Dynamic Representations in Visual Face Processing

Open Access
Bittner, Jennifer Lee
Graduate Program:
Doctor of Philosophy
Document Type:
Date of Defense:
December 16, 2010
Committee Members:
  • Michael J. Wenger, Committee Chair
  • Rick O. Gilmore, Committee Chair
  • Reginal B. Adams, Committee Member
  • Frank E. Ritter, Committee Member
  • face
  • vision
  • learning
  • dynamic systems
  • general recognition theory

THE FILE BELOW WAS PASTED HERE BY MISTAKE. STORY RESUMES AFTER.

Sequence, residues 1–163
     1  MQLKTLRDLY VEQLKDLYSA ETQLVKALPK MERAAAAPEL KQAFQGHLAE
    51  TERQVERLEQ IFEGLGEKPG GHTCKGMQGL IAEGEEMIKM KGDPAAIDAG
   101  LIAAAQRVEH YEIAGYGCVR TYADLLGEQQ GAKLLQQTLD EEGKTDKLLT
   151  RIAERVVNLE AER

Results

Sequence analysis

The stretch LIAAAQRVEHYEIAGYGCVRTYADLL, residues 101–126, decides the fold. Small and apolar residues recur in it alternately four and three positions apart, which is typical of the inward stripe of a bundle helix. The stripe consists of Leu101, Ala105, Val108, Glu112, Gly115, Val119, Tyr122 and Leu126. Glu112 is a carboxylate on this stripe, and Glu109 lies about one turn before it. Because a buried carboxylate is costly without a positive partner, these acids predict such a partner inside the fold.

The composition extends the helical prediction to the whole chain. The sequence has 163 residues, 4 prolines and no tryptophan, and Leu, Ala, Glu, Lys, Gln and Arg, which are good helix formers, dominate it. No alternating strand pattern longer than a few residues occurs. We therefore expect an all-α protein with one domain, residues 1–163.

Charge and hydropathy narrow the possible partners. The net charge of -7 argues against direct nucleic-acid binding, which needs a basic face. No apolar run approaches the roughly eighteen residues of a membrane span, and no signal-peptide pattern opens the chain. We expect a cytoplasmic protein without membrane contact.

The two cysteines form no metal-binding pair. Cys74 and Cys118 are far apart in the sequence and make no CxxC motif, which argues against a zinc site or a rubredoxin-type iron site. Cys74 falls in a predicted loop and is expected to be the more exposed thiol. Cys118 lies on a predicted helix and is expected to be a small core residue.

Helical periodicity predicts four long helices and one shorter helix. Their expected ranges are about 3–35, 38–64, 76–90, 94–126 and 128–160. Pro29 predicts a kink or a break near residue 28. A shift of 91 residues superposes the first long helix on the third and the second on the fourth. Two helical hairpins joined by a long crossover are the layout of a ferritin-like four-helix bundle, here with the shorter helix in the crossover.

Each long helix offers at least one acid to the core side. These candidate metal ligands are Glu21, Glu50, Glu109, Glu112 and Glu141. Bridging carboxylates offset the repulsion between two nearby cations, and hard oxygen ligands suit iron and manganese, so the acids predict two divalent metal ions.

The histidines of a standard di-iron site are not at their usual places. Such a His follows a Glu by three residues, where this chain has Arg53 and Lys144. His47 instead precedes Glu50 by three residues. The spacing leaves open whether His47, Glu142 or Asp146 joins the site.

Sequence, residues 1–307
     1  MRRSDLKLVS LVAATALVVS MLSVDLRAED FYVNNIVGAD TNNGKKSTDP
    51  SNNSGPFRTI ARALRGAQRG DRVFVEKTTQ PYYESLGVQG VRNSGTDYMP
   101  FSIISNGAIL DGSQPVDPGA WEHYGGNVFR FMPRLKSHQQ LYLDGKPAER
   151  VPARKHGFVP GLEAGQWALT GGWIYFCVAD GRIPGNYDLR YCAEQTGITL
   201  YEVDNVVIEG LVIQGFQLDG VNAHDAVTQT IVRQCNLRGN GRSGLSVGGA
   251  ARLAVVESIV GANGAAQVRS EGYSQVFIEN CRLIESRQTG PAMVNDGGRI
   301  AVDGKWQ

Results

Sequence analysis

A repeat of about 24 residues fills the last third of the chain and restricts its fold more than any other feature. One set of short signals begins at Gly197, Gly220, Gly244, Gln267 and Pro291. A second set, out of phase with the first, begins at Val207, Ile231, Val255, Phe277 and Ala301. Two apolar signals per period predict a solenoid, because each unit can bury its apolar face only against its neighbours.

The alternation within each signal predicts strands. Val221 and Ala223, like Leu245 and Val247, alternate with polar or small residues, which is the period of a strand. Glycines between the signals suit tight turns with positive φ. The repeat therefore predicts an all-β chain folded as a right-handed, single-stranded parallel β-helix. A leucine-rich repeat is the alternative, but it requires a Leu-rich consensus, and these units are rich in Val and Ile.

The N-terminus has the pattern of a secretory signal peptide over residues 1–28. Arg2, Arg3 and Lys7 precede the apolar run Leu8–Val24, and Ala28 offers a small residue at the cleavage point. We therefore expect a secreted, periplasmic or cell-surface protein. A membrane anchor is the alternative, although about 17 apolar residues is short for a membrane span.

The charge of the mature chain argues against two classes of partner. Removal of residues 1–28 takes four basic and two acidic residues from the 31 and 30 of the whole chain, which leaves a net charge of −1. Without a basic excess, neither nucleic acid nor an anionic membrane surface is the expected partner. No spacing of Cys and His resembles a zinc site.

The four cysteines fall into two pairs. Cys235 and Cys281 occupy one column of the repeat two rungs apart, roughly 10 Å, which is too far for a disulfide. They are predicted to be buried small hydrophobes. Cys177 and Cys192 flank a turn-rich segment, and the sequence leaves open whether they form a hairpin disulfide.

Work in facial perception has demonstrated improved levels of performance for identification of an anatomical feature when it is surrounded by a context consistent with that of a studied identity (Tanaka & Farah, 1993; Tanaka & Sengco, 1997). This was originally demonstrated using accuracy measures in three conditions—in isolation, in the original (studied) context, and in an augmented facial context (Tanaka & Farah, 1993; Tanaka & Sengco, 1997)—with these patterns interpreted as reflecting holistic or configural processing or representation (Farah, Wilson, Drain & Tanaka, 1998). The current research examines how learning may be functional in this phenomena, through the use of a dynamic systems model based on the structures of Ashby (1989).The original model of Ashby was adapted to represent configurality (e.g Tanaka & Farah, 1993; Tanaka & Sengco, 1997) by way of dimensional dependencies. Models at the level of channel interactions were created and empirically tested using both the traditional paradigm found in the literature as well as a complete identification task. Results from the experimental studies indicated a lack of dimensional dependencies at all GRT construct levels, conflicting with specific model predictions. A series of additional models were created to examine other possible representations of the system. Additionally, further theoretical exploration consisting of the evaluation and comparison of these models was developed though the search for distinctions in model predictions. Taken together, this work provides the capability for learning representations to be considered within facial perception while providing a solid foundation for future work.